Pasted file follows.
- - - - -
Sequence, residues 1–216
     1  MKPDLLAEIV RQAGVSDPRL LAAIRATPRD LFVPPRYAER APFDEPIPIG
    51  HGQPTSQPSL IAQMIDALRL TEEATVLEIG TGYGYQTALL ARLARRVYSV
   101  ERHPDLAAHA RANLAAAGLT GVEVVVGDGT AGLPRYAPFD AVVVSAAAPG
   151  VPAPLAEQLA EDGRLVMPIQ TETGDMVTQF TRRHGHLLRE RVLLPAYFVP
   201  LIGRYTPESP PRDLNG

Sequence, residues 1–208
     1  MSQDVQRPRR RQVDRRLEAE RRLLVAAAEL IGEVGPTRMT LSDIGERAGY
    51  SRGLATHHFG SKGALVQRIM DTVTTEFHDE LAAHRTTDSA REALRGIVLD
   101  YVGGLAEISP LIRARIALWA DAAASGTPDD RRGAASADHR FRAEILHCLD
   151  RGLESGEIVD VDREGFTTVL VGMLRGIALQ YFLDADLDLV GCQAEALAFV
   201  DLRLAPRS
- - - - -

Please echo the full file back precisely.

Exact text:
Sequence, residues 1–216
     1  MKPDLLAEIV RQAGVSDPRL LAAIRATPRD LFVPPRYAER APFDEPIPIG
    51  HGQPTSQPSL IAQMIDALRL TEEATVLEIG TGYGYQTALL ARLARRVYSV
   101  ERHPDLAAHA RANLAAAGLT GVEVVVGDGT AGLPRYAPFD AVVVSAAAPG
   151  VPAPLAEQLA EDGRLVMPIQ TETGDMVTQF TRRHGHLLRE RVLLPAYFVP
   201  LIGRYTPESP PRDLNG

Sequence, residues 1–208
     1  MSQDVQRPRR RQVDRRLEAE RRLLVAAAEL IGEVGPTRMT LSDIGERAGY
    51  SRGLATHHFG SKGALVQRIM DTVTTEFHDE LAAHRTTDSA REALRGIVLD
   101  YVGGLAEISP LIRARIALWA DAAASGTPDD RRGAASADHR FRAEILHCLD
   151  RGLESGEIVD VDREGFTTVL VGMLRGIALQ YFLDADLDLV GCQAEALAFV
   201  DLRLAPRS